This climb of Catamount - a perennial short-peak favorite of mine - was part of a 2-day, 3-peak Easter weekend 2013 outing to the mountains of the Northeast.
Catamount rose prominently out of a mostly flat landscape as we approached on Forestdale road from the west. It was a cold day for this late in March; unseasonably so, but fortunately, calm and clear. We quickly located the hard-to-find Catamount Mountain trailhead - but only by virtue of the fact that I'd done this peak many times before and knew to look for the two tree trunks blazed with red paint and the faint path leading off into the woods in between.
Although the trailhead is not officially marked, there is a NYSDEC official trail register a few feet in on the trail. There had been surprisingly little traffic on the climb recently - more than a week had passed since the last hikers had signed in.
Here in the forest, there was still a continuous blanket of snow. We elected to start off in snowshoes, but soon realized that the snow was quite firm and hadn't necessitated them. We kept them on anyway out of laziness.
The first part of the trail crosses a flat stretch of land before reaching the southwestern base of the peak. This part went quickly, and soon we arrived at the pretty birch-and-maple forest that cloaks the southern base of Catamount. The open canopy and south-facing aspect had pretty much melted all of the snow base away, and we switched back to bare boots.
Now without snowshoes, we started the climb up Catamount. As we ascended, a thin layer of snow soon re-appeared, but it was quite firm and too thin to require a switch back to snowshoes. In fact, the snow was in the rare (for the Adirondacks) condition to allow boot-edging - a fine state of affairs where a hard, styrofoam-ish consistency allows short, crisp edges to be kicked into the snow - quite efficient for climbing.
The Catamount mountain trail bends eastward as it climbs up the the southern slopes of Catamount. It first heads to the base of a bump that I like to call the "South Summit" - a fairly dramatic bare rock knob. We encountered a few steeper bits along the trail that made us contemplate the usage of our microspikes, but for the most part the excellent firm snow provided positive tracking without any extra aids. Soon we arrived at a small open spot below the now-impressive cliffs of the south summit knob.
After a quick break, we continued on, soon coming to the "crux" of the climb up Catamount - a section of scrambling over crags and slabs that starts off with a narrow rock cleft that I call "The Chimney". The Chimney is a section of eroded dike that has formed a steeply sloping cleft into the rock, providing a way up through the steepest part of the cliff band that protects the face of Catamount's south summit. Although a bit of scrambling skill is required, the enclosed nature of The Chimney provides a comforting lack of exposure. Still, some care was required, especially with snow and ice about.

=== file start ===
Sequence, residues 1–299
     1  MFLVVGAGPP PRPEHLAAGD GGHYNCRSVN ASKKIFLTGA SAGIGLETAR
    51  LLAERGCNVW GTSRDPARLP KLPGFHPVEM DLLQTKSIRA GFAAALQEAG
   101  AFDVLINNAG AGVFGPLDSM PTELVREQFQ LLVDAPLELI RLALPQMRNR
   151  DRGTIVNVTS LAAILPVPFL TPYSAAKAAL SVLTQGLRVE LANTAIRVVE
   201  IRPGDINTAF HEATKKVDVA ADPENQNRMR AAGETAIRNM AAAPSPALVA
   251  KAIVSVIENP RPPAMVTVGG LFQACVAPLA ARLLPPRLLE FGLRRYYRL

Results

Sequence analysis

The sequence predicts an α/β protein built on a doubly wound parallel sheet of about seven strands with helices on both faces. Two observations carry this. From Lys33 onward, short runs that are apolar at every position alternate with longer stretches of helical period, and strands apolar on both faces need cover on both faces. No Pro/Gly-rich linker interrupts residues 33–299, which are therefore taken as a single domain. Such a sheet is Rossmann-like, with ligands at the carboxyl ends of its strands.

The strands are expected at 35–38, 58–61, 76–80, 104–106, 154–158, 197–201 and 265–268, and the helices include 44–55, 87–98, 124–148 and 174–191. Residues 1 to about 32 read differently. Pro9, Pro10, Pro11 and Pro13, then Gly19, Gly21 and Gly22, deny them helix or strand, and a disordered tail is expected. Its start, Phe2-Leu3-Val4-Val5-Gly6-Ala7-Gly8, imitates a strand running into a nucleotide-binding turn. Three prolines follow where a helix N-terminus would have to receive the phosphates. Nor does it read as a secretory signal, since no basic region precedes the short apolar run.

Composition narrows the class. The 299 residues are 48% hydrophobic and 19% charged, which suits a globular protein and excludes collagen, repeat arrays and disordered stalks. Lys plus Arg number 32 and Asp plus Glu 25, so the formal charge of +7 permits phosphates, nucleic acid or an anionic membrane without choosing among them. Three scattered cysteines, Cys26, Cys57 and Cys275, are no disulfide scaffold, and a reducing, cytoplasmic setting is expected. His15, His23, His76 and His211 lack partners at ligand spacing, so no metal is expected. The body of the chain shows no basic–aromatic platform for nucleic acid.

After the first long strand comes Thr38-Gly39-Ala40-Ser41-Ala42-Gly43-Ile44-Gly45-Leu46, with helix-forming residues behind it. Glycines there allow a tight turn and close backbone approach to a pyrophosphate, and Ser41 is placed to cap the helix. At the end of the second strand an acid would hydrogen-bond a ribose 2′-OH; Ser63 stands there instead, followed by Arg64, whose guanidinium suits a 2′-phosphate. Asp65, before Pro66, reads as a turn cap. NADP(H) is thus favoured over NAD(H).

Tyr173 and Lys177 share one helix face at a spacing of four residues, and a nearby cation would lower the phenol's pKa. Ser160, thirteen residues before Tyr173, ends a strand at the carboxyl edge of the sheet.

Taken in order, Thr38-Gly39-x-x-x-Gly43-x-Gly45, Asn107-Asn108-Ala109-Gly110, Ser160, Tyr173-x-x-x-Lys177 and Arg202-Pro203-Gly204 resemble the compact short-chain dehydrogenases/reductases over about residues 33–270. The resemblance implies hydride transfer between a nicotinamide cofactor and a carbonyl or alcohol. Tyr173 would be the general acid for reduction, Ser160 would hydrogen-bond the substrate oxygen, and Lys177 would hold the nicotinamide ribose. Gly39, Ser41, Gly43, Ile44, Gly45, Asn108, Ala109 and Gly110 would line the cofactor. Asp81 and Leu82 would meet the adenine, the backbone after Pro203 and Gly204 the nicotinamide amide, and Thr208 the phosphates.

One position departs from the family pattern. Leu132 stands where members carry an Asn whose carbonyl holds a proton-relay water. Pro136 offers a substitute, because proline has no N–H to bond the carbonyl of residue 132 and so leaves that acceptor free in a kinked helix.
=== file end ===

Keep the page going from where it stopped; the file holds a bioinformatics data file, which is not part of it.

Once above the Chimney, we had to negotiate the steep slabs that remained between us and the south summit. Many of the cairns that mark the route were buried in the still-deep patches of snow that covered the slopes, but manage we did, soon arriving at a chilly and breezy south summit, fully exposed to winds from the west. The south summit's cool weather conditions necessitated a re-layering break.
Upper South Summit slopes
We could clearly see the slopes leading up to the main summit from here, and figured it would take not more than twenty or thirty minutes to get there. As it turns out, we were a bit slower than that: Soon after heading north from the south summit, crossing into the shallow col between it and the main summit, we encountered a lot more snowpack, and we started to posthole here and there. So, we needed to stop and get our snowshoes back on.
Secondly, the trail through the col is fairly tricky to follow in winter conditions, and I had to do a bit of back-and-forth searching to find it. The col has an unsual set of steep bedrock fins that the trail winds up and over, and with the deep snowpack, it was not possible to see the little cairns that are placed here and there to guide hikers. The orientation and nature of these snow-covered ridges created many false lanes and openings that looked like they might be the trail.
Upper summit slopes
We perservered, however, and eventually nailed the right route and came to the start of the final slopes leading up to the summit. The trail climbs over a few minor scrambly steps, but mostly it is a pleasant series of open slabs dotted with bands of conifers. There was enough snow depth to allow more-or-less continuous snowshoeing up to the summit, although in a few places we had to contour around open bits of rock. We were again in the lee of of the mountain and fully in the sun, and it now felt quite balmy.
We arrived to the summit's excellent views and a surprisingly light wind shortly after noon. A short distance to the south, we could see the snowy top of Whiteface Mountain (and Esther in the lower foreground below it). Way off to the east, a gleaming line of white marked the multi-summitted ridgeline of Mount Mansfield, Vermont's highest peak.